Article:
HSV-2 is the more infamous of the two herpes simplex viruses. It is common among adults in the United States but is not as common as HSV-1. Approximately 16%, or 1 in 6, adults in the United States have been exposed to HSV-2 at some point in their lives, usually after they initiate sexual activity. HSV-2 usually causes the disease known as genital herpes, but again, like HSV-1, it can appear anywhere on the body that is exposed to the virus. HSV-2 is more likely to reactivate and to cause lifelong symptoms, although again, in most people, outbreaks are limited in number and may never recur, and if they do reoccur, that is most likely to happen in the time shortly after infection with outbreaks decreasing in severity and frequency over time. As with HSV-1, stress, including pregnancy, can contribute to outbreaks. HSV-2 outbreaks can be controlled with oral medication, but again, this is not a cure and the disease can still be spread to others even when no active symptoms are present. In very rare cases, usually in children born to infected women who are experiencing an outbreak at the time of birth and who deliver vaginally, HSV-2 can cause a devastating disease of the nervous system that often results in the death of the infant or very severe neurologic disease. It is vital that women receive prenatal care and testing that includes screening for HSV-2 and if active disease is present or suspected, Caesarian delivery be considered along with medication interventions. This neurological form of HSV-2, or even HSV-1, infection can occur later in life, often in adolescence, with potentially similarly devastating consequences. This neurological type of disease cannot be predicted or even necessarily prevented; avoiding infection is the only sure way to prevent potentially serious consequences.
HSV-1 and HSV-2 are almost always transmitted through direct bodily contact and any skin surface can become infected, although this most commonly occurs on the face or lips, as well as in the genital and anal regions of the body as these are the areas most commonly involved during contact with others. HSV-1 can be spread through kissing or any facial contact, but can also be spread sexually depending on the type of sexual activity involved, whereas HSV-2 is usually transmitted through sexual activity although, again, it can appear anywhere on the body. It is at least theoretically possible for infection to occur through contact with infected body fluids, especially the fluid from inside the lesions, or blisters, common in these infections, without direct physical contact, through contact with infected surfaces, although this is not a well-documented source of exposure.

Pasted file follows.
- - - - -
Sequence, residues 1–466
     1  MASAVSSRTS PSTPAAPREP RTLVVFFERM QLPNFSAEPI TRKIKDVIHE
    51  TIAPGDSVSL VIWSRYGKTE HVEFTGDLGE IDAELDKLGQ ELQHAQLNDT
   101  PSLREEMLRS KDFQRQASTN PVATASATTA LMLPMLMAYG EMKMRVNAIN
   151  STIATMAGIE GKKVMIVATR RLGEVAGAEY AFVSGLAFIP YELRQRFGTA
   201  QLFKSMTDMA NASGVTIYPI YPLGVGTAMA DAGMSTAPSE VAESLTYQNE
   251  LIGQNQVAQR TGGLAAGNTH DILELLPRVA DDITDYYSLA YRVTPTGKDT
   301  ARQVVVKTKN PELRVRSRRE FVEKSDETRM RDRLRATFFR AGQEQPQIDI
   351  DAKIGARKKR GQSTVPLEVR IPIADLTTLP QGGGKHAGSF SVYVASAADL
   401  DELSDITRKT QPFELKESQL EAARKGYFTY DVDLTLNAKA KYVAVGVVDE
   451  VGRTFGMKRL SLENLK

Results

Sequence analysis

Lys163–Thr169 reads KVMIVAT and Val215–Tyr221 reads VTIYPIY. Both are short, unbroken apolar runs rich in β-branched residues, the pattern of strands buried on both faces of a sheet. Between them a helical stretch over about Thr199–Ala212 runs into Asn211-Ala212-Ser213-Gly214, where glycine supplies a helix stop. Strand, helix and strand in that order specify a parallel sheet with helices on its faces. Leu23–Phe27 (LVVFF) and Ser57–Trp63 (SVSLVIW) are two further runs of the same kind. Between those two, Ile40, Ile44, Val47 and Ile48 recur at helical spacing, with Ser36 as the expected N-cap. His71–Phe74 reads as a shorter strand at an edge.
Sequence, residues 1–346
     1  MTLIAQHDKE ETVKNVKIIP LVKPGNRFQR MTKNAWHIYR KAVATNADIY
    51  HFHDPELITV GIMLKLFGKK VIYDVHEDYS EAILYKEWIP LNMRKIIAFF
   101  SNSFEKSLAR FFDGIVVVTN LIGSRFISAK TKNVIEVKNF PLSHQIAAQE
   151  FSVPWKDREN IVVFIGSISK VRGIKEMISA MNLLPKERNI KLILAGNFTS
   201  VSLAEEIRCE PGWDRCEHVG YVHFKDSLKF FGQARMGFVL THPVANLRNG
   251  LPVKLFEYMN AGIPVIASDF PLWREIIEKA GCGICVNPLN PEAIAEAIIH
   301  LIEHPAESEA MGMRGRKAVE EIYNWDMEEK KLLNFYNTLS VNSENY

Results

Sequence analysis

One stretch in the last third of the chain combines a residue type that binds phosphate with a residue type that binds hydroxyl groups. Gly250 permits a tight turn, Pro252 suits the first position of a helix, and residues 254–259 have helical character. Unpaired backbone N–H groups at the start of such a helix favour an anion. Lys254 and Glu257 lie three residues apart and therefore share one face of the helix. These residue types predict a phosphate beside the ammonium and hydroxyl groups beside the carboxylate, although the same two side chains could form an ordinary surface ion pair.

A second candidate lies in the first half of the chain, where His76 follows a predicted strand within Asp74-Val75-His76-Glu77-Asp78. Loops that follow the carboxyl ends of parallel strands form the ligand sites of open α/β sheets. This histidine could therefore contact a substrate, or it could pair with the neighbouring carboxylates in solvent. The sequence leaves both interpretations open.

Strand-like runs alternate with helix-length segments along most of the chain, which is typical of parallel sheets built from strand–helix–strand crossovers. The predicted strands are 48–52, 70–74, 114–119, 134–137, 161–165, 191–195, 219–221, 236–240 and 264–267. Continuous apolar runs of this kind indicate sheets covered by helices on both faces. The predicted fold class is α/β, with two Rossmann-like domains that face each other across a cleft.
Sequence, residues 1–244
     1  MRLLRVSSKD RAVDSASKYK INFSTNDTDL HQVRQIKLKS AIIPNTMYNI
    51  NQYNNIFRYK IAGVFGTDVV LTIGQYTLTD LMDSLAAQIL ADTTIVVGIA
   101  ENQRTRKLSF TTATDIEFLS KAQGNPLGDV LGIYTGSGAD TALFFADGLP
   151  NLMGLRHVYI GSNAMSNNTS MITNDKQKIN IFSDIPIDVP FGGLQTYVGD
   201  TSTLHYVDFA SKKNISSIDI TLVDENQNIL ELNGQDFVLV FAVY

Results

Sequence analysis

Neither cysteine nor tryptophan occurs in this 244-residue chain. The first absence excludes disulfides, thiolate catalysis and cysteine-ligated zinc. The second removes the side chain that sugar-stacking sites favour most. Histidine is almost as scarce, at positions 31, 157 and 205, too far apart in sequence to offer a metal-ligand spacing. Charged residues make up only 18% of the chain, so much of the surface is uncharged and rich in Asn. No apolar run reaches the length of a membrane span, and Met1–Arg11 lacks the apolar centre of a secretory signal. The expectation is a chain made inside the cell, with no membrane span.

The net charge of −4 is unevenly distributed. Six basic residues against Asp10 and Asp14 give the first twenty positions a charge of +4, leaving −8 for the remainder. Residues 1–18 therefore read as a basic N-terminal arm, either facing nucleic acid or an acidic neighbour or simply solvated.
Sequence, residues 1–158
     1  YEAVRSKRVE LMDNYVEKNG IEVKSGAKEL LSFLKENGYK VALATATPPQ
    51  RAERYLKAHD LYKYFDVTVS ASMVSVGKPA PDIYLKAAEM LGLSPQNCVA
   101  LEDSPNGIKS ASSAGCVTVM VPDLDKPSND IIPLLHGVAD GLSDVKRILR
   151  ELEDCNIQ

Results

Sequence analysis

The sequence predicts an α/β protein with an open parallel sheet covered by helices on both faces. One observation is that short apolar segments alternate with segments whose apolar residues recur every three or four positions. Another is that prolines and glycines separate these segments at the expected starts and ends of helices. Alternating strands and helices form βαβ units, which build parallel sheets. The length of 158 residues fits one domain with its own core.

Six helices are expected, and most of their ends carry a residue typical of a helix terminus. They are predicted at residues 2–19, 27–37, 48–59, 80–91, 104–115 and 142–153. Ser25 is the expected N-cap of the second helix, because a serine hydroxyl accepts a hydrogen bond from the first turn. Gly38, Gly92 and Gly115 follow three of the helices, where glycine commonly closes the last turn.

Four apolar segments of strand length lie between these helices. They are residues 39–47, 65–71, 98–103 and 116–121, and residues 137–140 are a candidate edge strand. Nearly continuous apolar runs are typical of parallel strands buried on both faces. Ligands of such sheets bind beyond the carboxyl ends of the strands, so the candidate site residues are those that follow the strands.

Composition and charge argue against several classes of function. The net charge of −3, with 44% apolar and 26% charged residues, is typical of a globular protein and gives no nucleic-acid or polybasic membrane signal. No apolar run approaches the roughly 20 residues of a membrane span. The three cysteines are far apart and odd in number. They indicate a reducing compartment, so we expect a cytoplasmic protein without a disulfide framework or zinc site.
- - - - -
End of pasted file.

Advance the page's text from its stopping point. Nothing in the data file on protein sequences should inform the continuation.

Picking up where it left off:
The prevention of HSV-1 and HSV-2 infection is based on avoidance of contact with infectious material either through avoiding physical contact with others, using barrier protection methods during sexual activity, and/or through the complete and thorough disinfection of potentially contaminated surfaces.
Many products may claim to kill herpes simplex viruses, or it may be widely believed that some products can eliminate them, but in reality only a very few have bothered to undergo the rigorous laboratory testing and the associated EPA registration process to prove their ability to kill the herpes simplex viruses, and by extension, the other members of the herpes virus family. CleanerToday.com is proud to be an authorized retailer of several products that feature EPA registration and demonstrated proof of kill effectiveness against both HSV-1 and HSV-2.